To collar or not to collar that is the question! The answer isn’t as simple as yes or no. Harnesses are gaining in popularity with more dogs wearing them every day. So, should you abandon your traditional collar? Let’s go over some pros and cons of each so you can make an informed choice.
Benefits of a Collar
Many dogs find a collar more comfortable; they don’t even notice that it’s on. A flat collar is a secure way to keep your pets ID tags and licenses on your dog, and they are easy to slip on and off (a pro and a con). A regular collar comes in oodles of varieties, colors, patterns, styles, and function.
Benefits of a Harness
But if your dog is a puller, has respiratory issues, is a toy breed, or has protruding eyes (like Pugs or French Bulldogs) then you need to consider a harness that won’t put stress on their neck and airway. Even a dog that pulls a little bit is at risk for neck injuries from a traditional collar. Ask any vet; they will tell you they see injuries from collars frequently, and some of these injuries can be severe. Also, there are a whole subset of dogs that have figured out if they back up quickly they can get out of a regular collar. So if you have an escape artist for a dog, you may want to use a harness on walks. Dogs that frighten easily can slip their collars too, and that’s just a tragedy waiting to happen.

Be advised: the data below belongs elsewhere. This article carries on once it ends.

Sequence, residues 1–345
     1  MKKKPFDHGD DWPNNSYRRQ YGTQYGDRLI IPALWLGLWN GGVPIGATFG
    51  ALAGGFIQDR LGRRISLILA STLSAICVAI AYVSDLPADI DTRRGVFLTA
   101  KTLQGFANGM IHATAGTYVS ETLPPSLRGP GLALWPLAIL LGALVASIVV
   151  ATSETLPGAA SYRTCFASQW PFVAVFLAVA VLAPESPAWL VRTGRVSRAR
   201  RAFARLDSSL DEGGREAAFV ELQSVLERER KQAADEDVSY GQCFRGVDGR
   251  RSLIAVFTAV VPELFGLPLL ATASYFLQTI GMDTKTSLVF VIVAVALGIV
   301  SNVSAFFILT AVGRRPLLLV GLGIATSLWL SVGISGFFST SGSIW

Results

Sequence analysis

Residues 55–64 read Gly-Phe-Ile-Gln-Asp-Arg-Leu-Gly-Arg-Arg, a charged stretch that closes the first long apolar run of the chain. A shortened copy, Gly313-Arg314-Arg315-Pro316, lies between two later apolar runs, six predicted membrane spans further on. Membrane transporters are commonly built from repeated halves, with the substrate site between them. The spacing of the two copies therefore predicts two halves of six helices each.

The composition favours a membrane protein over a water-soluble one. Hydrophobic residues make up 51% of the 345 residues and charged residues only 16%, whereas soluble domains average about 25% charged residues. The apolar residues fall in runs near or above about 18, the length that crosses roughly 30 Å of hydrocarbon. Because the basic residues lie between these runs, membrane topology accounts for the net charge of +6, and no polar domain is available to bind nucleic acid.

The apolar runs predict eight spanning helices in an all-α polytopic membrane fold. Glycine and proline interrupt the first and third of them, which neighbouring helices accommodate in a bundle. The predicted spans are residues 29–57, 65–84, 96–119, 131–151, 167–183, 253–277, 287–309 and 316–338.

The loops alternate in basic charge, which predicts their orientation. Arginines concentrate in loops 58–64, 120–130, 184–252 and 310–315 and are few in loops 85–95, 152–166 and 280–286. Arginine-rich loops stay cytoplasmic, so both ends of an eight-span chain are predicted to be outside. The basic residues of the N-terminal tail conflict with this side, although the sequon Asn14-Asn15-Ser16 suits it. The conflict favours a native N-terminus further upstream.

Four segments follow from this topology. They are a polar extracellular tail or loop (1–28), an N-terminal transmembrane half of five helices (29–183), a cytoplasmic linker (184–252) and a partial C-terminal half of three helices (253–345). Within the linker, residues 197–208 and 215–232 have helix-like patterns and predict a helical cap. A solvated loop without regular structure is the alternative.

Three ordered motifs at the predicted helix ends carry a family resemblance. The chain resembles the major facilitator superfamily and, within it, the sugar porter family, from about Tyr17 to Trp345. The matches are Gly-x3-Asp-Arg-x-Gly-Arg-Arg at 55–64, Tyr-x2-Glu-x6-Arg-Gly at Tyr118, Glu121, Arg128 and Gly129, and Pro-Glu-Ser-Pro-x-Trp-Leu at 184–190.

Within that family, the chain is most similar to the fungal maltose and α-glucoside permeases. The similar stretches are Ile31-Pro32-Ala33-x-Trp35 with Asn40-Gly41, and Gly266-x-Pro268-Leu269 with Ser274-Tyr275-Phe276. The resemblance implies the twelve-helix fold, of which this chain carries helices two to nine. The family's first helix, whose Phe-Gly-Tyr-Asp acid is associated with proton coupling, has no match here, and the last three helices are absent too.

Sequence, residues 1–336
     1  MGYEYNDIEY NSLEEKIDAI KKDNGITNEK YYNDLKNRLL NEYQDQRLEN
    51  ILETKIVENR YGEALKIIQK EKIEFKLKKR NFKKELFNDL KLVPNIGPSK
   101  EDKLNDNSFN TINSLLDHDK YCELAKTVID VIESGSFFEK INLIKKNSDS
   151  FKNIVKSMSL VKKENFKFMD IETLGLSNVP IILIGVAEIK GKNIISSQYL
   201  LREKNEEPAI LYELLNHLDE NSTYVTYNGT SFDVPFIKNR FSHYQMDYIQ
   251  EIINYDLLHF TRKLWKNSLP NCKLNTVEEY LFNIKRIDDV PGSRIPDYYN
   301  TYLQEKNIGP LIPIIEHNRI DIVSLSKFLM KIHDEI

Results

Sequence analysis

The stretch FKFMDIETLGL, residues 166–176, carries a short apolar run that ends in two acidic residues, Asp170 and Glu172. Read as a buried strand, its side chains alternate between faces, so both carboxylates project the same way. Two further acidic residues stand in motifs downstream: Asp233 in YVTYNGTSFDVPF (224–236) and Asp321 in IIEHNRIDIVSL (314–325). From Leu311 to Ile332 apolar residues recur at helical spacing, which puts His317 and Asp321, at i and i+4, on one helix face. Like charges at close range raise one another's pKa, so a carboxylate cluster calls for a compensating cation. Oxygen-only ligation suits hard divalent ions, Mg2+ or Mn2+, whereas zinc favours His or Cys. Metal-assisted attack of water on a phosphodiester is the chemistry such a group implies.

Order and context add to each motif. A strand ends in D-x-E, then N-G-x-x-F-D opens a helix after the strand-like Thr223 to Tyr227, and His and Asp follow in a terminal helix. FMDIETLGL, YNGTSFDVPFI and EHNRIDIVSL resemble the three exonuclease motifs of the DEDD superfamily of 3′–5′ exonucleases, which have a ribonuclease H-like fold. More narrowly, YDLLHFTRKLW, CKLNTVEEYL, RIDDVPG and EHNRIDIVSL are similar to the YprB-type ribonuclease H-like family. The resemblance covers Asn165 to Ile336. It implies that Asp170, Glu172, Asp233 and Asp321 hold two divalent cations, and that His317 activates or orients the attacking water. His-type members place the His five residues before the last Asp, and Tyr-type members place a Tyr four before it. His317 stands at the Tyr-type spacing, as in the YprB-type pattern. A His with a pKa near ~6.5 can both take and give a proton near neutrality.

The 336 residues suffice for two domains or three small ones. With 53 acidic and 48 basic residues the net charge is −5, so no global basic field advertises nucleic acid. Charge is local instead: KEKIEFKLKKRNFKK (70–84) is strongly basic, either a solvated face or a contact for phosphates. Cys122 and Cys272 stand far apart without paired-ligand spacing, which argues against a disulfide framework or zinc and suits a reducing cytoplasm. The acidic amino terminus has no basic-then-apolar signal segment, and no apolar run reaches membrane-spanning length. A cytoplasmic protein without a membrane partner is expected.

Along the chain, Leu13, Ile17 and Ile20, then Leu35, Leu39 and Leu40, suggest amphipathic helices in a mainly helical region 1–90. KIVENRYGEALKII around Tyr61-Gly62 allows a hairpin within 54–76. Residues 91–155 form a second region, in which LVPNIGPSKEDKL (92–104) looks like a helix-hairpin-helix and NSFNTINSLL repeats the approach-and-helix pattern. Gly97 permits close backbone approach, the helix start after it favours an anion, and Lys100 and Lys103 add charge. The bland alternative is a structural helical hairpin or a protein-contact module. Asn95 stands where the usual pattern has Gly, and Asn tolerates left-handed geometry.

Some dogs initially don’t like the feel of a harness but most get used to it quickly. Without any doubt, it’s a bit more complicated to get a harness on your pup. And a harness, especially if it’s not fitted correctly, can chafe. The Freedom Harness linked below has a velvet under strap for comfort.
A harness offers better control of your dog so it may be great for training or when you have your dog in a crowded area. If your dog is a leash puller or lunger a harness with a front leash clip will help diminish the pulling. However, if your dog is small or delicate a back leash clip is the way to go. Try one of the many harnesses made for pullers like an Easy Walk Harness or a Freedom No-Pull Harness. If you are you a hiker or have a very active lifestyle, check out Ruffware Harness, they are comfy, cooling, and some even have handles. For an older dog that has issues standing up, it’s easy to grab the back strap on the harness and help them up.
Lastly, if you crate your dog, most vets will recommend that they don’t have any collar or harness on when they are left alone in their crate because they can catch on the crate and trap your dog.
The fact is, many dogs have both a collar and a harness for different situations. Don’t be overwhelmed by the choices, think about your dog’s needs. We’re happy to walk your best friend with a collar or harness!